Motel: Route 661991 by John Register

The Haunting Realism of John Register
May 5, 2016

One of the most distinctive American realist painters of the late twentieth century, John Register (1939–1996) created a stark and haunting body of work that depicts places without people—waiting rooms, hotel lobbies, office spaces empty save for a chair or two, deserted bus stations, diners, sidewalks, and streetscapes. His scenes—in their tension between light and shadow and their embrace of vivid color—evoke an existential bleakness which has prompted comparisons to the work of Edward Hopper. To this Register responded: “With Hopper you witness someone else’s isolation; in my pictures, I think you, the viewer, become the isolated one.”

Register’s artistic career began in remarkable style. One day in 1972, not long after his 33rd birthday, Register, miserable in his New York advertising job, stood up at a meeting, announced he had a dentist’s appointment, and left for good. As he later recalled: “I saw that this was the way my whole life would be in advertising. I realized that I just couldn’t do it.”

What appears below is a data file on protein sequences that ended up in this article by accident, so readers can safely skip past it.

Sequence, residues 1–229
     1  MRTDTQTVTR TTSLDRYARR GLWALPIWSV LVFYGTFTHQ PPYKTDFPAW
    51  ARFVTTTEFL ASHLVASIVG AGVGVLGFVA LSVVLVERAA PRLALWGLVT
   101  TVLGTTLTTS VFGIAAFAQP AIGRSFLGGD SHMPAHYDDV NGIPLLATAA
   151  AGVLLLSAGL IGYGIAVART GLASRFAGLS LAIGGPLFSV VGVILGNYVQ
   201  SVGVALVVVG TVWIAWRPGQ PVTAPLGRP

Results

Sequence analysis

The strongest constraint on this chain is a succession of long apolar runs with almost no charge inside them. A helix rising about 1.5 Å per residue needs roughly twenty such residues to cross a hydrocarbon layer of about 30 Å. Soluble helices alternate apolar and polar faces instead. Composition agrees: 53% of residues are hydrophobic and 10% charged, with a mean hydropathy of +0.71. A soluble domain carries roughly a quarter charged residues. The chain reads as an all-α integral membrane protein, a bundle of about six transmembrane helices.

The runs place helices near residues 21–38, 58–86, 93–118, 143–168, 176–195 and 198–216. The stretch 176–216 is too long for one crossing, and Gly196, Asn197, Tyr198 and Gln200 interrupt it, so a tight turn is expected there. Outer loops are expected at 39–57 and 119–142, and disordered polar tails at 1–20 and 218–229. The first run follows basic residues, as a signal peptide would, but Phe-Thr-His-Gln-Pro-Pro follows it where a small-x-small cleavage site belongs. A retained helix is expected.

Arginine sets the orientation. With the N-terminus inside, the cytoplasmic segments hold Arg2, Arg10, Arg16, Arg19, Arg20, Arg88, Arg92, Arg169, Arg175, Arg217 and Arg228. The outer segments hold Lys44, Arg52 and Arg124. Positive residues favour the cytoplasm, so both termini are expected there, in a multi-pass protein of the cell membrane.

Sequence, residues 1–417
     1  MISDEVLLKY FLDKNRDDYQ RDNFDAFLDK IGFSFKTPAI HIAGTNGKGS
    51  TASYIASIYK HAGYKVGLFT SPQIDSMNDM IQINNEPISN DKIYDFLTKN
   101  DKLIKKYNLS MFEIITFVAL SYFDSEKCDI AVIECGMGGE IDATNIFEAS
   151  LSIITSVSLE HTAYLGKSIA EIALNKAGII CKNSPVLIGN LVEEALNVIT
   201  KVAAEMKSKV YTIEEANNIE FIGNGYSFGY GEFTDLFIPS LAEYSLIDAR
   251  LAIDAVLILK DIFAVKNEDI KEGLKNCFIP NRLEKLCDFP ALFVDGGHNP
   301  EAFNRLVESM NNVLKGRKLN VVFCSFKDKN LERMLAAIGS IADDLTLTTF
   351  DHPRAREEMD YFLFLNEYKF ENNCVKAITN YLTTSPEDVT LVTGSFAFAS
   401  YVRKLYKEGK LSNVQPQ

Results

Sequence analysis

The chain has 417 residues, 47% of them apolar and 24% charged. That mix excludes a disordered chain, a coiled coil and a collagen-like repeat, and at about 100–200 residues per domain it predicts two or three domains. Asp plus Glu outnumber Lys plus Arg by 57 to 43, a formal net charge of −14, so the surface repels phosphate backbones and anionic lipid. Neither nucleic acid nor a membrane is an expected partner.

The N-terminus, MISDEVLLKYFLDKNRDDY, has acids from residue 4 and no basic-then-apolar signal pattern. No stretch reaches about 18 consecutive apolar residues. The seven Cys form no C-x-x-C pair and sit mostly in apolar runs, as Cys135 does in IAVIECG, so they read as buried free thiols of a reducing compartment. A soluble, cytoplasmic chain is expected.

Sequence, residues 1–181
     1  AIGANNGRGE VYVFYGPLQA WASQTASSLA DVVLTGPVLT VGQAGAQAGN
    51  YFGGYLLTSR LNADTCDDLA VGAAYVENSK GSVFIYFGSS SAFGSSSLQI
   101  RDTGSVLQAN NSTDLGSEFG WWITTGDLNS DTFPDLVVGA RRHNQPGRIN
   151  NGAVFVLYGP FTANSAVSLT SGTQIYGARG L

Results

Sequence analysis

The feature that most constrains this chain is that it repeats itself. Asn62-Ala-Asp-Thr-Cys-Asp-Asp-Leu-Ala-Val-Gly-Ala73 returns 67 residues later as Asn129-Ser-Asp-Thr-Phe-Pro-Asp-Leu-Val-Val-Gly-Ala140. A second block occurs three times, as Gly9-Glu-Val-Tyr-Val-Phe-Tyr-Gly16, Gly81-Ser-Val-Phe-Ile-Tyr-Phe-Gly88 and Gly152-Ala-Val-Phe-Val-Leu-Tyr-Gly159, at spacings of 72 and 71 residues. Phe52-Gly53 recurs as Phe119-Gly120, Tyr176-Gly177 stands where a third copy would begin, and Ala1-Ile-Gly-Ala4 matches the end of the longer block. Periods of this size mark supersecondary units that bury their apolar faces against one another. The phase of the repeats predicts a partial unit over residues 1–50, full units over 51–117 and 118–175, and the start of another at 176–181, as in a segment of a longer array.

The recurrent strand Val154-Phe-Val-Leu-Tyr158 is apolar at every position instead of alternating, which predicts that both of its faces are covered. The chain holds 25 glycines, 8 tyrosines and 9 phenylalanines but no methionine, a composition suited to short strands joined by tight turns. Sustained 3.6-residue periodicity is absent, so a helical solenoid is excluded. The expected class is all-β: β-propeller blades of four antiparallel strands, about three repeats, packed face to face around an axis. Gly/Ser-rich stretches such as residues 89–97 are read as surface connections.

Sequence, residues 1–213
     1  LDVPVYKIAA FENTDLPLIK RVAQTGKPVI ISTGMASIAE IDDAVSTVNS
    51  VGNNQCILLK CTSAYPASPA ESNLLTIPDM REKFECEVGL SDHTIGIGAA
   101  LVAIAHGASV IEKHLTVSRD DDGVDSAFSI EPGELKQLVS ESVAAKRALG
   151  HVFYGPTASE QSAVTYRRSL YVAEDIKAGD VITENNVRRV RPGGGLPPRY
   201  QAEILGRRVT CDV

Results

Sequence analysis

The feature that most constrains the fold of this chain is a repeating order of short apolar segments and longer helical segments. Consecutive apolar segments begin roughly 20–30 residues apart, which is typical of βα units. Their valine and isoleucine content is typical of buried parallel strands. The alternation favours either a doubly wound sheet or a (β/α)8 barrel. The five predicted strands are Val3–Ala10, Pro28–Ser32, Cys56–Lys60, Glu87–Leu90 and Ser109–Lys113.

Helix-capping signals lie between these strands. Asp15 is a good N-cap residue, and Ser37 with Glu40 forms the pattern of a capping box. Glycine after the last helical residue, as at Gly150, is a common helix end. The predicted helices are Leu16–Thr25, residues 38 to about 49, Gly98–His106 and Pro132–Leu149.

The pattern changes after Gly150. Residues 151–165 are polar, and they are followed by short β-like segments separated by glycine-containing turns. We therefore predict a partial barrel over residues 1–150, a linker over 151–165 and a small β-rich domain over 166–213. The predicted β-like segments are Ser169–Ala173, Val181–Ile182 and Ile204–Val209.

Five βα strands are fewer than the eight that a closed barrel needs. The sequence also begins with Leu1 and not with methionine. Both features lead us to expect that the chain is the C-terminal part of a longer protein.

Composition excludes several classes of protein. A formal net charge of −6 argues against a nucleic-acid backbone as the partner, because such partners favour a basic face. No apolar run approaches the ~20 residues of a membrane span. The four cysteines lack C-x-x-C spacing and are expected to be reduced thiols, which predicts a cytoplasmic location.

Register would eventually settle in Malibu. In Southern California he found the scenery and atmosphere that imbues his art. Light is the chief element in Register’s paintings, most often in the form of pristine sunlight. Artificial illumination is relatively rare in his paintings, but can be found in such night scenes as Motel: Route 66. Whether austerely sun-drenched or starkly fluorescent, Register’s evocative depictions of the lonely and remote run the spectrum. “I look for an offbeat beauty,” said Register, who died of cancer at age 57. “I like the patina of things that have been battered by life.”
(https://lamodern.com/2016/05/the-haunting-realism-of-john-register/)
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Imported from: lamodern.com
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